A joy a bliss or even an ecstasy
Beyond knowing or understanding

Which would be my current
Problem precisely to a T –
Not knowing and not understanding
And beyond that not interested
in finding out how to navigate
the avalanche of ever so
unhelpful changes now multiplying
like lantern-flies or cicadas or
voracious ants or even Smudge’s
daily attempts to cool his body
via white-fur dumps everywhere

No, I’m not going crazy. I’m fed up with the pace of changes. Yes, I have a live-in expert who remembers everything. His on-line name is D. However, he is not paid nearly enough to save me from my own ineptitude.

Here’s reality in a nutshell: I am a writer. I love being a writer. Nothing makes me happier these days than letting what’s inside make its way onto the page and then sharing it with you.

My favorite thing yesterday was watching our back-yard catbird ecstatically splashing in the birdbath, throwing water up into the air with his wings, and catching the drops as they fell on his hot little body. I witnessed three such episodes. I also got a dose of his scolding call when I was cleaning and refilling his lovely little bathtub!

Praying today brings joy in the midst of everyday frustrations.
Elouise

© Elouise Renich Fraser, 14 July 2021
Photo of catbird bathing found at thebackyardnaturalist.com

In praise of meadows

This morning D and I drove out to Longwood Gardens for a visit. Imagine great weather, wonderful breezes, and puffy white clouds floating beneath a bright blue sky.

D is downloading his photos even as I write this. So yes, you’ll get to see some awesome photos later. In the meantime, here’s one of my early poems, written in 2015 after a visit to Longwood’s still new Meadow Garden. D took the photo above during a Meadow visit in August 2014.

By 2015 I’d been retired from the seminary for several years, and had been blogging since late December 2013. I didn’t have much self-confidence, and felt like an odd ball without a home.

Looking at photos taken in Longwood’s Meadow Garden gave me the idea for this poem. For me, the meadow is the highlight of Longwood Gardens. Not the meticulously planted, pruned and displayed wonders of an estate garden, but the wild, unpredictable beauty of a large meadow inhabited by birds, bees, butterflies and other small creatures.

Here’s the poem–unchanged from its first debut.

Is there something to be said
for wild, lightly cultivated gardens—like meadows?
Not showcases of stunning flowers and cultivated flower walks,
But life-giving, naked, raw beauty—
able to withstand harsh weather with grace—
Welcoming visitors of all kinds.

I want to be a meadow garden
With paths for thoughtful feet
Space for tears and laughter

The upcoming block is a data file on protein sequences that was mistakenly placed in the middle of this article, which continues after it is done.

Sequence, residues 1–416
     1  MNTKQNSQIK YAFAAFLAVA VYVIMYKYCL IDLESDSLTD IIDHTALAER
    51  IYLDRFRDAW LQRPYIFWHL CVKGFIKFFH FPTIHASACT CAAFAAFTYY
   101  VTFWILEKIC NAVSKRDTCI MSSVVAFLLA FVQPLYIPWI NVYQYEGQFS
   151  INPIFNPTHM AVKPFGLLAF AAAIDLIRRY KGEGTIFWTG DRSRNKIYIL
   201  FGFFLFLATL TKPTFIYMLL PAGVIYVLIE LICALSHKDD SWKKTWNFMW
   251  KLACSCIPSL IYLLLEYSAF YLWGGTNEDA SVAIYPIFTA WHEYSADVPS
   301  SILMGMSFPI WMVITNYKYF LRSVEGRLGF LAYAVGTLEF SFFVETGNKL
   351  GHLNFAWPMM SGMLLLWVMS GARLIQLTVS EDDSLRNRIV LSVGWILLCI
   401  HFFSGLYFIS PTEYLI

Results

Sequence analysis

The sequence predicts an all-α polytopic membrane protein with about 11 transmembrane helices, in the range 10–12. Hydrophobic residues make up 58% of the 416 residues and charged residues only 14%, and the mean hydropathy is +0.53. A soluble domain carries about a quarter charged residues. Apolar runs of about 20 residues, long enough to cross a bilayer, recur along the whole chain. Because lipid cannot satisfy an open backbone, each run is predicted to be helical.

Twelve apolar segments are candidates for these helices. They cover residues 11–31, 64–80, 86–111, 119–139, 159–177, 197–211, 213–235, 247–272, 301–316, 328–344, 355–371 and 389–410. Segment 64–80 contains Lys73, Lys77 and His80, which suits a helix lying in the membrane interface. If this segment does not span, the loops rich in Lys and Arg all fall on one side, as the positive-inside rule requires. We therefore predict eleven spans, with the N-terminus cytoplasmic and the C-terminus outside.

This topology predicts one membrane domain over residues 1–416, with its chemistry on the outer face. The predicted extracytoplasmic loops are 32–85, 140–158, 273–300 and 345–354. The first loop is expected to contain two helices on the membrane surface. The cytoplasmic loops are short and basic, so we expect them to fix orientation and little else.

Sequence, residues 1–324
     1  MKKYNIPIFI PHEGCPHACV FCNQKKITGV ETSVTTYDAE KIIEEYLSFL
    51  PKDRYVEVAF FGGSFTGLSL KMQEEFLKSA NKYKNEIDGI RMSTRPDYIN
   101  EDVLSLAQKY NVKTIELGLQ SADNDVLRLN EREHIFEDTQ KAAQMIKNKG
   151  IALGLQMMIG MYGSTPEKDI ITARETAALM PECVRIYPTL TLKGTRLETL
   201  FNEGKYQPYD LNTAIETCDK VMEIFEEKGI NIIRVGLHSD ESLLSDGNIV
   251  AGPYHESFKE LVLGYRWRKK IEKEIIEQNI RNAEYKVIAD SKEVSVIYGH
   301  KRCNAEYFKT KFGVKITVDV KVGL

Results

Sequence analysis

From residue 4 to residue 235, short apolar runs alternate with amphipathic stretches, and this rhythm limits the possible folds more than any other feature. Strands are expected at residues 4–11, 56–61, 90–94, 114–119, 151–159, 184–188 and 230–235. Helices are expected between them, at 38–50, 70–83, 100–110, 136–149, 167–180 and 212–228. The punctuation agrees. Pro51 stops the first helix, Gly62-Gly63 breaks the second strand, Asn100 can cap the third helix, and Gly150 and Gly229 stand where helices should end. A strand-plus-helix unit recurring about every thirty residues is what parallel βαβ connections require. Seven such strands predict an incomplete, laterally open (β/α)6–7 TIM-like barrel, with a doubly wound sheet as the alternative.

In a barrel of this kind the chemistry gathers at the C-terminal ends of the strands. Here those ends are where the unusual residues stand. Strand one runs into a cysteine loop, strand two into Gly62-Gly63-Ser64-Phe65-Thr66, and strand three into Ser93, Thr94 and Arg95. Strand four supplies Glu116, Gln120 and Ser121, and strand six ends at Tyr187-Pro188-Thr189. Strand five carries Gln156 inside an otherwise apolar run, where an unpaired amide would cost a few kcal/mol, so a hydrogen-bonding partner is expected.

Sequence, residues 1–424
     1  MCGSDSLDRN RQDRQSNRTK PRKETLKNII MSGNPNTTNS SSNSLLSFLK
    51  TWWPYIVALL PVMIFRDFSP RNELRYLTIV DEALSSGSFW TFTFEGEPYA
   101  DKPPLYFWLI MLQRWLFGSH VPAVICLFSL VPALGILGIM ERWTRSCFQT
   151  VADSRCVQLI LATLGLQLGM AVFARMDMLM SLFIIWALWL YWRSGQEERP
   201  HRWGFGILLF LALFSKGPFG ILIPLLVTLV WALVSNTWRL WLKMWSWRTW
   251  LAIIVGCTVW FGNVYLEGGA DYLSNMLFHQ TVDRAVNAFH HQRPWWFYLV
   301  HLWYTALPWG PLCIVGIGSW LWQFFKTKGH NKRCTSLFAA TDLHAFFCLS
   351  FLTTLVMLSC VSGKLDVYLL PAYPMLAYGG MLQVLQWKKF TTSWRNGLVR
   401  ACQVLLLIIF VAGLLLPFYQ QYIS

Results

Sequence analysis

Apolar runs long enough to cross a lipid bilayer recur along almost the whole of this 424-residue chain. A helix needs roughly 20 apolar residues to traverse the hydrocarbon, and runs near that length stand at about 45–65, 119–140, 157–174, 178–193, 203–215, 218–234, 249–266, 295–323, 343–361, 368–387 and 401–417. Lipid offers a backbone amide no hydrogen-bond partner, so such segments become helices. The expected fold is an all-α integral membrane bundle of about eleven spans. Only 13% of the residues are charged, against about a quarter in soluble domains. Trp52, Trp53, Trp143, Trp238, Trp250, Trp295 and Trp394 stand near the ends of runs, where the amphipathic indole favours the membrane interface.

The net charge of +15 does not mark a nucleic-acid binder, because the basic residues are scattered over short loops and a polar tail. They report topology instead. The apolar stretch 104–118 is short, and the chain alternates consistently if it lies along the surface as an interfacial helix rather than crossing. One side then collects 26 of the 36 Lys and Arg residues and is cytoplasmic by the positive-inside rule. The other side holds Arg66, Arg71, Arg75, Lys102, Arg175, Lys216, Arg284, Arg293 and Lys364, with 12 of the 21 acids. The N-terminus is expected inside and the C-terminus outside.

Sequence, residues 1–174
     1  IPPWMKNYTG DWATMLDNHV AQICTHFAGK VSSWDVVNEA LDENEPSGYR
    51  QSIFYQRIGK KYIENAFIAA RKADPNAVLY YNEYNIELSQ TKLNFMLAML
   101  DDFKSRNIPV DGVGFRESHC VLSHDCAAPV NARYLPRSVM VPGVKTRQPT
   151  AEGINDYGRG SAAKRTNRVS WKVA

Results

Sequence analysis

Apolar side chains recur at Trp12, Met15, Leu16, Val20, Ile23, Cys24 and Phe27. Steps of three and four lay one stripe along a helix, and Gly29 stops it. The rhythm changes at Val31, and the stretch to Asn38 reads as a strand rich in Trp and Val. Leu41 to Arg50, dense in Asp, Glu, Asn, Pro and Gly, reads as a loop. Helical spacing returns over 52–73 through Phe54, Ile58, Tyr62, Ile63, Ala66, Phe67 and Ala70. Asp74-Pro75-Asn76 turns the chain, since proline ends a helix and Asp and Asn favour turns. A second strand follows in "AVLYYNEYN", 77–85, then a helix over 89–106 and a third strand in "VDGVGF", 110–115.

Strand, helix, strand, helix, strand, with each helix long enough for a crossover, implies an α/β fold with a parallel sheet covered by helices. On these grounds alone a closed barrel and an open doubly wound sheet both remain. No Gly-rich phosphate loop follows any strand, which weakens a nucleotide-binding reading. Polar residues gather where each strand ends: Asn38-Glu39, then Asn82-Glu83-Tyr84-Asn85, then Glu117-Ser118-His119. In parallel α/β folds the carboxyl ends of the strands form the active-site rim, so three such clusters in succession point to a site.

Occasional butterflies and birds,
Spiders, moths, and ‘lesser’ life forms.

Perhaps the wildness of my internal life
Wants to be honored, named and lightly cultivated?
Recovery isn’t about taming life.
It’s about reclaiming it—
The semi-wild meadow
that hears and sees music 24/7.
That’s what I want to be. Living life
naked, lightly cultivated and beautiful.

Thanks for stopping by!
Elouise

© Elouise Renich Fraser, 16 June 2021 (poem first published in March 2015)
Photo taken by DAFraser, Longwood Meadow Garden, August 2014

Breakfast with the Birds

brazen bold bluejay
hogs large birdfeeder
grabs one seed and bolts

small chipping sparrow
flees to small feeding window
to make a withdrawal or two

quick brown chipmunk
vacuums between green grass blades
packing cheek pouches with loot

one male blackbird
flashes bright red wing bars
coming in for fast food takeout

I sit behind my kitchen window
grateful to be alive
and eating indoors

Most days I’m mesmerized by the way birds cooperate in order to get a bite to eat. Actually, I’m not sure they’re cooperating. They seem to love or at least tolerate their unspoken pecking order, which lies at the bottom of most of their unruly behavior.

Almost every day I wonder what it would take to live in a different human pecking order. One based on need and the desire to survive together. Not on our current order driven by size, brilliant feathers, or loud, rude voices.

Last night I was feeling down. Having my computer keyboard die on me yesterday was more than I’d planned on. Most evenings, I write in my journal. Last night I decided to read from Without a Flight Plan. It was just what the doctor ordered. A bit of birdseed to get me through the night.

This post was created with thanks to D for loaning me his ThinkPad.
Thanks to you for stopping by!
Elouise

© Elouise Renich Fraser, 27 April 2021
Photo found at ebay.com